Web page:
Recommended Settings for Intel Network Adapter Drivers For V8 Systems
It has recently come to our attention that some newer servers, particularly ones running Intel Core i5 and i7 series processors, demonstrate slower than usual network performance when running Retail Pro Version 8.X. The symptoms that have been most commonly reported are:
- Reports performing slower on new networked workstations where there is more than one workstation in RPRO
- Slower filtering on new networked workstations where there is more than one workstation in RPRO.
Following a review of a sampling of new systems we have isolated the root cause of this issue. The problem goes back to some new performance features available on newer Intel network interface drivers used with systems that have bundled Intel network interfaces. The instructions below describe the new settings and give our recommendations on how to load and configure the latest drivers on to your Core i5 or i7 series system in order to optimize it for the best V8 performance. These optimizations are only necessary if you are using V8. Version 9.X is not subject to the performance problems that 8 Series encounters when using these drivers under their default settings as the problem is primarily related to the way flat files are handled in multi user environments.
Recommended Settings for Intel Network Adapter Drivers
Recommended settings for Intel?s network adapter drivers (latest version) that get installed on machines with Intel Core i5 and i7. These changes must be done on BOTH file server and client workstations. In order to access them you have to install drivers using Intel?s installer, not Microsoft?s ? it makes more advanced settings available. At the moment Intel?s driver installer is of version 17.4 (assembled 10/17/2012).
How to locate the drivers:
In the ?Find by category? section select:
2)Product family ? Ethernet components;
3)Product line ? Ethernet controllers;
4)Product name ? select model of your Ethernet adapter.
You can locate the Ethernet PHY chipset model in the device manager. For example, this screenshot indicates that computer is using Intel 82578DM Gigabit Network Connection adapter, so the proper model on the Intel?s site should be ?Intel 82578 Gigabit Ethernet PHY?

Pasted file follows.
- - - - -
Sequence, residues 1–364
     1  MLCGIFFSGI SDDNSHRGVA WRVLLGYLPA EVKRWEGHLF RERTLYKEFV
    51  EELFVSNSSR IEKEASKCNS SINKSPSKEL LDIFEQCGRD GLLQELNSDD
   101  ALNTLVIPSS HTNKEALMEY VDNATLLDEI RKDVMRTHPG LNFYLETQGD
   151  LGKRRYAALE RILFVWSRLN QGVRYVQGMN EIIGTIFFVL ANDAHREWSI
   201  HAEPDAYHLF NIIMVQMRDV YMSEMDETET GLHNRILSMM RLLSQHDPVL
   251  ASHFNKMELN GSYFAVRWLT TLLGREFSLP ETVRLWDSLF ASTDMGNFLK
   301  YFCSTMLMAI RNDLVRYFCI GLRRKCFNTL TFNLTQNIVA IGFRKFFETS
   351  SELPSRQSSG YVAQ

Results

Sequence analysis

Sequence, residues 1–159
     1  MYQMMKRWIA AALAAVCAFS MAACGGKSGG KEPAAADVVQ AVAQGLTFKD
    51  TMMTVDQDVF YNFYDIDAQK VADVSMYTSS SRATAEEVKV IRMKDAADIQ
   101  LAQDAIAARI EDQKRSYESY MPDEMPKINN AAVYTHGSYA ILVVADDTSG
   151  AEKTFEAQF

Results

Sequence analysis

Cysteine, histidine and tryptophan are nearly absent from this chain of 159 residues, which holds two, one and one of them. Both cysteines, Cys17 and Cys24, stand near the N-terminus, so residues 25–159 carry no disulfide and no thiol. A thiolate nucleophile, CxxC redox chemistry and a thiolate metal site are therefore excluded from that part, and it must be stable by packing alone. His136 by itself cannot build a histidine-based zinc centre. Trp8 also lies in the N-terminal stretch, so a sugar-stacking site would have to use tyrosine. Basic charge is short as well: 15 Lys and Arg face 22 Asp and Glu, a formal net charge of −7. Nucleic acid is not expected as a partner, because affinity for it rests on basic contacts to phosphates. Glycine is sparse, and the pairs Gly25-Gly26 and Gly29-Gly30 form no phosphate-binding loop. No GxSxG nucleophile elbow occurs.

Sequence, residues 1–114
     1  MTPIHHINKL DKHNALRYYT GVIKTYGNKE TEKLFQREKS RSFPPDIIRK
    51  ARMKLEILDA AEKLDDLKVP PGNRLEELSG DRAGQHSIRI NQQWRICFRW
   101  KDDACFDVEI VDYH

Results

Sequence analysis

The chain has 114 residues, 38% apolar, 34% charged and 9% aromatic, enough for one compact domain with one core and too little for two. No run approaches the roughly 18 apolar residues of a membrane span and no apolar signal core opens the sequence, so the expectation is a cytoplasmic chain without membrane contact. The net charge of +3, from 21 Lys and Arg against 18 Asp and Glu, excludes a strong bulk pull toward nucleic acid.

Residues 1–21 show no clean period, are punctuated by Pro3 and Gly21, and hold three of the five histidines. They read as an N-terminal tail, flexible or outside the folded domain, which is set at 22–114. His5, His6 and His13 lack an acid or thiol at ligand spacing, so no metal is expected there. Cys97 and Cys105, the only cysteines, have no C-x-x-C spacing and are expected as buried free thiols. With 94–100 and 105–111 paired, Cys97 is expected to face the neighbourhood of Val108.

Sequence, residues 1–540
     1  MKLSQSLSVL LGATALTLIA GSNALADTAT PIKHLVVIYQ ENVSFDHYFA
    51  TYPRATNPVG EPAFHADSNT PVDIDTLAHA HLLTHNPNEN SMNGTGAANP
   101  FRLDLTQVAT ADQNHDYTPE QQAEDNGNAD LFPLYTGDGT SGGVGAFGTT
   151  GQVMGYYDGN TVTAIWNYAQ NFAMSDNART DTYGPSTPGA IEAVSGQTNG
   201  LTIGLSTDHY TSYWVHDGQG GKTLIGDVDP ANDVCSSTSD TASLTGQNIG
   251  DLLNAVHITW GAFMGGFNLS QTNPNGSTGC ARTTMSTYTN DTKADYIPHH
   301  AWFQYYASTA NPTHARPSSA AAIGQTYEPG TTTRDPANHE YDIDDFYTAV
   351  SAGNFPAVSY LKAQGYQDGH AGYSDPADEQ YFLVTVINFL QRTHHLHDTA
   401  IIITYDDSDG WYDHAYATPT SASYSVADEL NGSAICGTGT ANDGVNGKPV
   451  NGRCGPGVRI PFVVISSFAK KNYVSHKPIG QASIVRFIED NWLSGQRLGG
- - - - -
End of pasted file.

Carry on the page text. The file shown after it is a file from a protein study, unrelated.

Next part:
The settings that you need to turn off:
Advanced page: interrupt moderation: DISABLED
Advanced: Large Send Offload Version 2 (IPv4 and IPv6): DISABLED
Advanced: Performance Options: Properties: Interrupt Moderation Rate: OFF
Advanced: TCP/IP Offloading Options: Properties: UNCHECKED for all entries
The reason why some settings need to be turned off is because while they improve a network throughput and decrease CPU utilization for bulk transfers under heavy network utilization (i.e. sending large number of LARGE packets in a rapid succession) they introduce extra network latency (a packet takes longer to be delivered from one computer to another, and it is more pronounced for small packets than for large ones). As a result, 8-series Retail Pro cannot utilize the network at maximum speed because it is sending a very large number of very small packets to the file server every time it has to access a file shared between more than one instance of RetailPro or its tools on multiple computers across the network (every read request from a shared file requires at least 6 small packets to be sent across the network).
Older versions of Intel?s drivers did not have these features in them, and older chipsets, apparently, were using the older drivers. That?s why it looked like it was a problem with a chipset or a processor ? it was, in reality, a difference between drivers (older machines used drivers of version 9.xxx while newer machines used 11.xxx or 12.xxx). New optimization features and performance improvements (turned on by default) in newer drivers had a hidden toll in increased network latency, which can cause slow down for applications that use high number of small packets at a high rate.